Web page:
The Best Decluttering Books
We’ve all been there at least once. Decluttering is hard. It can be difficult, anxiety producing, and emotionally draining. It can elicit feelings of guilt and attachment that make it hard to let go.
For instance, your elderly grandma who passed away years ago may have given you an ugly painting. For as long as you can remember, it was prominently displayed on her living room wall. You want to get rid of it, but your memories of her and feelings of guilt keep getting in the way.
First of all, do you even know for sure that she loved this object? Maybe it was gifted to her, and the same feelings of guilt compelled her to use it for so many years. She might have gifted you with this artwork so that she didn’t have to spend her last days looking at it. If you can think of decluttering this way, it will be easier to part with certain items.
A Self Storage Unit Can Help
Another tactic to help get you moving and motivated is renting a self storage unit. Trusted Self Storage has a variety of types and sizes of self storage units to suit your needs and your budget. A clean, secure storage unit will give you a place to keep those items that you’re not quite ready to discard. You can take all the time you need to decide how to handle these items.
In the meantime, here are a few of the top decluttering books to get you started on your journey to a tidy living space. They’re written from different perspectives for different types of people.
There’s sure to be something that speaks to your personality.
The Best Decluttering Books to Get You Moving and Motivated
Decluttering isn’t like building a house. You don’t need to be precise, but you need a plan and you need some motivation. Let’s get started.
- Decluttering at the Speed of Life by Dana K. White
If you have time constraints that make it difficult to block out huge chunks of time for decluttering, this book is for you. It provides a blueprint for tackling one area at a time so that your home remains relatively undisturbed. It’s really about taking that first step so that the rest of your housekeeping falls into place.
The process outlined in this book makes perfect sense. You start with the most visible spaces in your home, like your kitchen countertop. Then, you work your way into the hidden/inaccessible areas; think closets, attics, and your teenager’s bedroom. When you see a clean space in one area, you’re motivated to continue organizing your home.
2. The Clutter Connection by Cassandra Aarsen
HGTV personality Cas Aarsen wrote The Clutter Connection. HGTV can, at times, be unrealistic.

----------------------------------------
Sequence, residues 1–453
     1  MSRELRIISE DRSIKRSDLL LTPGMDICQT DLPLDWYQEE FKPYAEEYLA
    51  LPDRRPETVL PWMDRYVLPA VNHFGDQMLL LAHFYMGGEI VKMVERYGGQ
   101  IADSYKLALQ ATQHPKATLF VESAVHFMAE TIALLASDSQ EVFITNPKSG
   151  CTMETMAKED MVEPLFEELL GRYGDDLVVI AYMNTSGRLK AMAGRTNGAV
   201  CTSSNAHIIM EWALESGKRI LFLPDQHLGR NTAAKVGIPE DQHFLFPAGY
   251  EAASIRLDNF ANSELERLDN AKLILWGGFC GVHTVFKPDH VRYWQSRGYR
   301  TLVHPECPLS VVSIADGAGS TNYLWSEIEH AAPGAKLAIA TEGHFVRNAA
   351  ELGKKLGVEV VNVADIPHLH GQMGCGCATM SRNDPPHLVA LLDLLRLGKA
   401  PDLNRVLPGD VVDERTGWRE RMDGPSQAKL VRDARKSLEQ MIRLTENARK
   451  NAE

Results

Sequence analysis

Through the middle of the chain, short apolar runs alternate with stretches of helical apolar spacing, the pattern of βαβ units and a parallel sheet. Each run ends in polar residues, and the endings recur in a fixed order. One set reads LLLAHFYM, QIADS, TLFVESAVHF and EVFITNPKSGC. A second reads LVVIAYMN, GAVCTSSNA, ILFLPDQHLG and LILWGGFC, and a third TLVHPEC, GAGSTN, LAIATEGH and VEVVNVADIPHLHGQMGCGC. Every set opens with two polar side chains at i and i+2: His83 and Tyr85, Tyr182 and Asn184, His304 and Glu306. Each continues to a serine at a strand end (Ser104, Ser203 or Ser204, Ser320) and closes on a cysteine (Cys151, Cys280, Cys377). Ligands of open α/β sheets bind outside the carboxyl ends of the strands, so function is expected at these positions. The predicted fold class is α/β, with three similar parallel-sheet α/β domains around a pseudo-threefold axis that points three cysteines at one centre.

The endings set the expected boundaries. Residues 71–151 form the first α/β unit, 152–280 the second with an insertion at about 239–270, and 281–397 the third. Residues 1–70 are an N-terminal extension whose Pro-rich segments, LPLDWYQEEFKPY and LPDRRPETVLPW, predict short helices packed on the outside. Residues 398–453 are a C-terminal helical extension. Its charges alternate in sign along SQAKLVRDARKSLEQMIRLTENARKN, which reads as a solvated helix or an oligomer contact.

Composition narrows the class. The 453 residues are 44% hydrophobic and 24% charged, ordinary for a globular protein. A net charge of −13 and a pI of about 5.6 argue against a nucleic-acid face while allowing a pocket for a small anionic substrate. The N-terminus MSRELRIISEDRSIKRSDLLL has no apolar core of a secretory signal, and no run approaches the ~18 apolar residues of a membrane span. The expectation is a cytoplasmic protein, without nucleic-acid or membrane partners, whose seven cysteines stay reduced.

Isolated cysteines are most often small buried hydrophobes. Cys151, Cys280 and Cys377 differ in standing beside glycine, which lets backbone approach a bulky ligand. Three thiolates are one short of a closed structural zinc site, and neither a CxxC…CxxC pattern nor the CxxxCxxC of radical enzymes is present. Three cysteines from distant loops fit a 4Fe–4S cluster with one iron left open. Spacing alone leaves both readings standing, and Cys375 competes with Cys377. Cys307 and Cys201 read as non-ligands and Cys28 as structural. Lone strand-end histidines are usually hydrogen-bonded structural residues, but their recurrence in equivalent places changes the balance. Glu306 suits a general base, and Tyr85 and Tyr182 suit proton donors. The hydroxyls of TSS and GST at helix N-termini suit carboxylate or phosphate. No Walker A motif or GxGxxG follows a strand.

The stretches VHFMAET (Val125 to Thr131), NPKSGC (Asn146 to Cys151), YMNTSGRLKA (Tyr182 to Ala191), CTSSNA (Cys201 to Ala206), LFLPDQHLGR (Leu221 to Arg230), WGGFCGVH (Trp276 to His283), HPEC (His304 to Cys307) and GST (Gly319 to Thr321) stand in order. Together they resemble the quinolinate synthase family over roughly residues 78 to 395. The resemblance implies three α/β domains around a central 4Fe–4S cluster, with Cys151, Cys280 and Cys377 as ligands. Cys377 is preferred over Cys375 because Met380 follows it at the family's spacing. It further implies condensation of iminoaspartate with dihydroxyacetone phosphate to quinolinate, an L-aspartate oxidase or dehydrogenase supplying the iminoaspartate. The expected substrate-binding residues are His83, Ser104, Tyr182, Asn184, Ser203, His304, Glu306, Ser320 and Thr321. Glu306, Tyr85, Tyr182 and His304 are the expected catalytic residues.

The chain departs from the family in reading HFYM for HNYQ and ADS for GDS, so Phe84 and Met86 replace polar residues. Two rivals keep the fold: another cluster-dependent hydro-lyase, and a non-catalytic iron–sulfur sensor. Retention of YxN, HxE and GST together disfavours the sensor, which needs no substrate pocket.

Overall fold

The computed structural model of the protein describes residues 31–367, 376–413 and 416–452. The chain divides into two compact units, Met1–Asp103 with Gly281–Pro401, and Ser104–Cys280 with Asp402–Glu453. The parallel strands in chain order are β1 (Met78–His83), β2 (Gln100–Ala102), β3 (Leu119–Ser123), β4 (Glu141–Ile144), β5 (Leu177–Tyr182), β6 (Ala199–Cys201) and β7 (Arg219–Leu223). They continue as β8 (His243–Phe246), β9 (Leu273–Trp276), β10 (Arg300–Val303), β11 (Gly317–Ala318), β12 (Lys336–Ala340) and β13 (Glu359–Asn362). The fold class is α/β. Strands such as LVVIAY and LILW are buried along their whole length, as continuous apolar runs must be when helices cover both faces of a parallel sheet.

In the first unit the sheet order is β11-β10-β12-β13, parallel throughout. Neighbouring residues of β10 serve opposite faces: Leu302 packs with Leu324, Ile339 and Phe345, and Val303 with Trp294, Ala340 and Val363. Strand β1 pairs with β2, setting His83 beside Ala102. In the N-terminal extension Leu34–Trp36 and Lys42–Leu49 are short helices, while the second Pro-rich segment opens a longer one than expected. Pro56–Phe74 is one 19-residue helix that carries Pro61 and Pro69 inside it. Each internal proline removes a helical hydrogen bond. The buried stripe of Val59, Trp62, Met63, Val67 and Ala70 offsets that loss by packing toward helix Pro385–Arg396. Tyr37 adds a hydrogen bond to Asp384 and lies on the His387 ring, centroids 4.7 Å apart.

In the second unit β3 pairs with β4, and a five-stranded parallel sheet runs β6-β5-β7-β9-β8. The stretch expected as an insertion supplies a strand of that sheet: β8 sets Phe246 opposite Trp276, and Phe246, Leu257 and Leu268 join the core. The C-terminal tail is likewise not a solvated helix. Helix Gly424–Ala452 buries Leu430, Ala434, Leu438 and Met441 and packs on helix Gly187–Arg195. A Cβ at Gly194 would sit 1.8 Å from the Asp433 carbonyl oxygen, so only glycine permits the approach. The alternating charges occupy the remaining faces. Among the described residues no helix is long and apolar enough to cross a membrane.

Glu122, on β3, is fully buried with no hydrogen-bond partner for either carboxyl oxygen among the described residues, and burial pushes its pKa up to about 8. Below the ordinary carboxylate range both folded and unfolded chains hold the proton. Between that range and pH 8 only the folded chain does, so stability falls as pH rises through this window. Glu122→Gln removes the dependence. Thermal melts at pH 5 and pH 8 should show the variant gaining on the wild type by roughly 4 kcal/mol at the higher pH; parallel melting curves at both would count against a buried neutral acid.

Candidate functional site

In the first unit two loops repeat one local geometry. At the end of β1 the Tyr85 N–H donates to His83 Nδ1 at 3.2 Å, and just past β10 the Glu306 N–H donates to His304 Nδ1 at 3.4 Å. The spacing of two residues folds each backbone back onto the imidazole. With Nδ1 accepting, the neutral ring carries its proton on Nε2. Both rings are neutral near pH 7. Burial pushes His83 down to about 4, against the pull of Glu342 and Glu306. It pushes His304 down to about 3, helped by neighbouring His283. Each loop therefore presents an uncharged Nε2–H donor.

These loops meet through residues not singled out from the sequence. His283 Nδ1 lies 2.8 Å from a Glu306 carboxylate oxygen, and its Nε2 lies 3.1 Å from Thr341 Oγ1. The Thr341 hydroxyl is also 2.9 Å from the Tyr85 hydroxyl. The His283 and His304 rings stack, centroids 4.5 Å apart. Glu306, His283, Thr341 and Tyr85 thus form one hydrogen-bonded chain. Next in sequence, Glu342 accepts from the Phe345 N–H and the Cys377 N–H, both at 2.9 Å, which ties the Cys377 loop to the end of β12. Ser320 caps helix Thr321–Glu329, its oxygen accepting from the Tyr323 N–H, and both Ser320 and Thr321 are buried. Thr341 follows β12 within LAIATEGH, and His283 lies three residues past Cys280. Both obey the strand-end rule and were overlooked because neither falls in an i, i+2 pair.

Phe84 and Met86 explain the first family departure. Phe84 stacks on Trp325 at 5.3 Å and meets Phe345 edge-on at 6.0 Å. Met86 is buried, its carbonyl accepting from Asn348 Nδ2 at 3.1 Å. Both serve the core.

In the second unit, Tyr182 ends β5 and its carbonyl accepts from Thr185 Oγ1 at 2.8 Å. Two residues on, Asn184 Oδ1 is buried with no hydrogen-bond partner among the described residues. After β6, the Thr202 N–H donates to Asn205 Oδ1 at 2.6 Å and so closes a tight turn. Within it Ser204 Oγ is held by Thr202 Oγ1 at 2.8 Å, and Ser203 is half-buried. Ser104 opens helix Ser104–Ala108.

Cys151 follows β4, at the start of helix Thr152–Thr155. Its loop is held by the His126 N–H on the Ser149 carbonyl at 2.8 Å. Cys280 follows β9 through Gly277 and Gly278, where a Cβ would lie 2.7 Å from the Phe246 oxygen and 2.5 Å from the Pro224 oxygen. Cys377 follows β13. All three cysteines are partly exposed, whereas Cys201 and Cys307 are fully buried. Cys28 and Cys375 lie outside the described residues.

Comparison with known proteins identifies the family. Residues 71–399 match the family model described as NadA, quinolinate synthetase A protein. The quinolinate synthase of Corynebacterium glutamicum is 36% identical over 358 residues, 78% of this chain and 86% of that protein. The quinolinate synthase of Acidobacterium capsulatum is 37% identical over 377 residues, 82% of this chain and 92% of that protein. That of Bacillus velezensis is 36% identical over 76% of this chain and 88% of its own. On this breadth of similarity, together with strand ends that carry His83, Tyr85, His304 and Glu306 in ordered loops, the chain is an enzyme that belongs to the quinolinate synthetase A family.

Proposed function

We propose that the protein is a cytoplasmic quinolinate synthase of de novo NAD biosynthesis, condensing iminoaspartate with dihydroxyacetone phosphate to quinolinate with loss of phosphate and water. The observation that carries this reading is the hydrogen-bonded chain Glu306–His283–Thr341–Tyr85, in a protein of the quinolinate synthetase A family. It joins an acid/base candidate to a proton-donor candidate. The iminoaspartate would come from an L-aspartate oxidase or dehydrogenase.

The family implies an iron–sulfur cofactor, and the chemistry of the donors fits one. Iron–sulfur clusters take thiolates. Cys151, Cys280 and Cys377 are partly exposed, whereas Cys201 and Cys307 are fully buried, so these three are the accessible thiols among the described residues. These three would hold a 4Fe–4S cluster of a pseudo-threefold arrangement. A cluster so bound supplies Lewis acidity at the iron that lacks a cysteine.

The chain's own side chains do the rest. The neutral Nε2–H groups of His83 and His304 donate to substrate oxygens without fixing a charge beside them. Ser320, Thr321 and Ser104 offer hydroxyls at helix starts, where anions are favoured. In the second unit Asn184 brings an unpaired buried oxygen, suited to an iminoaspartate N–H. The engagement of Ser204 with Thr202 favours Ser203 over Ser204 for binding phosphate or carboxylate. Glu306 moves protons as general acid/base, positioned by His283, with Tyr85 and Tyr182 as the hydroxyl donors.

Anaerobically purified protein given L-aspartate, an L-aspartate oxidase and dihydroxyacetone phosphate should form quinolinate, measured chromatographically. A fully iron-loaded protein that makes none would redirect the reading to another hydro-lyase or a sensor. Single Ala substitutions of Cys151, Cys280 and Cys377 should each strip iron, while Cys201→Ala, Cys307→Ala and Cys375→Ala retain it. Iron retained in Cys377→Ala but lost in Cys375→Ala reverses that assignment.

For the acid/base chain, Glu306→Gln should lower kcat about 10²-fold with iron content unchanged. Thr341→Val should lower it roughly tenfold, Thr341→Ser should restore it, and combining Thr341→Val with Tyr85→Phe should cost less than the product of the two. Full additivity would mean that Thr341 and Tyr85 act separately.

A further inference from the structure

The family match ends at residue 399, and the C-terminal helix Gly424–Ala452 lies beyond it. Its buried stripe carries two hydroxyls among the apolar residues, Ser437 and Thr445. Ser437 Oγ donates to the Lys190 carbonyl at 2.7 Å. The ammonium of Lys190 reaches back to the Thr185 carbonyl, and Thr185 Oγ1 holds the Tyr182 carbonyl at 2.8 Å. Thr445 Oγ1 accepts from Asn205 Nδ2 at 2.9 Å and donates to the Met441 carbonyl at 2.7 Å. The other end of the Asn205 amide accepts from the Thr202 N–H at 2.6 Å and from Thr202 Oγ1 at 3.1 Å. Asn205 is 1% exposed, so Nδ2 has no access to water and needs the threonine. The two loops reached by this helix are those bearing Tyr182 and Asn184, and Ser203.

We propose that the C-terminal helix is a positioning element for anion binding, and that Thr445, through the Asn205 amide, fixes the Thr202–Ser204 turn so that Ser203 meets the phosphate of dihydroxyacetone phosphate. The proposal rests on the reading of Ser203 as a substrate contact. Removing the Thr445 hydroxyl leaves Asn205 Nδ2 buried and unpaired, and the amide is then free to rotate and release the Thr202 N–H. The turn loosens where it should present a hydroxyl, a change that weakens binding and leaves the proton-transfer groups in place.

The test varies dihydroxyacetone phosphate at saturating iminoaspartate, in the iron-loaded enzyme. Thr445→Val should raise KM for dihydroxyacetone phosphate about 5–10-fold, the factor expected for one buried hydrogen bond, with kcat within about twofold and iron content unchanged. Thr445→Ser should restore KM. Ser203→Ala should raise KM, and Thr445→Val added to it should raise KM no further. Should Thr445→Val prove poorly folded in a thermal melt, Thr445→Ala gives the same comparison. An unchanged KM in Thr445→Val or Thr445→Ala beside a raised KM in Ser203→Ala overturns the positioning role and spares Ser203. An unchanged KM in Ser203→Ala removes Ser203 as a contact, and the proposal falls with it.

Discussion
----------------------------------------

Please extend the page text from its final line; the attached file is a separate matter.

This book, nevertheless, is spot on. It speaks to the idea that being self-aware can help you be better at organization. Just as everyone’s brain works differently during learning, it works differently when you’re organizing.
Whether you’re a micro thinker who likes to focus on the small stuff, a macro thinker who sees the big picture, a visual organizer, or a person who likes to keep things out of sight, this book will work for you.
3. Declutter Like a Mother: A Guilt-Free, No-Stress Way to Transform Your Home and Your Life by Allie Casazza
Allie Casazza has been called the “in-your-face Marie Kondo for millennial moms.” Her lighthearted book motivates moms to start taking action. Her advice is actionable and has been described as “life-changing.”
Her mission is to empower overwhelmed moms to make lasting changes in their lives. Her concept of discarding anything that doesn’t serve a purpose is similar to Marie Kondo’s method. The difference is that Allie’s book shows moms that they don’t need a perfect home. They need a home with enough space for the things that matter most.
4. The Gentle Art of Swedish Death Cleaning by Margareta Magnusson
This is not the most popular book in this collection, but it resonates with many people. Swedish death cleaning is focused on the reality that decluttering the home is a kindness to those left behind. It relieves the burden of sorting through the disorder.
Mangusson’s message is that this form of cleaning is meant to help the next generation manage their grieving process. It’s unfair for families to have to deal with clutter when they’re trying to deal with their grief.
If you’ve ever tried to tidy a home that’s been occupied for 60 years, you’ll love this book.
5. The Life-Changing Magic of Tidying Up by Marie Kondo
No list of decluttering books would be complete without this one. To be brutally honest, while reading Ms. Kondo’s best-selling book, I admit that I giggled on occasion. Marie Kondo suggests that before getting rid of items, you thank them for serving their purpose.
For instance, she texted her old cell phone from her new cell phone to thank it for “all it has done.” I wonder if the old cell phone and the new one are still having conversations.
In all fairness, Marie Kondo has made quite a good living as an organization consultant and author. There is something to be said about her method. I commend her for mentioning self storage as a solution for those who have trouble letting go. I’m still on the fence, however, about having a heart-to-heart with my broken dishwasher.
No one said that getting rid of your belongings is easy, but a clutter-free home is good for your mental health. If the books contained in this article don’t get you motivated, there are many more to choose from on Amazon.
And remember, Trusted Self Storage has daily access hours. You can visit your items and chat whenever you like.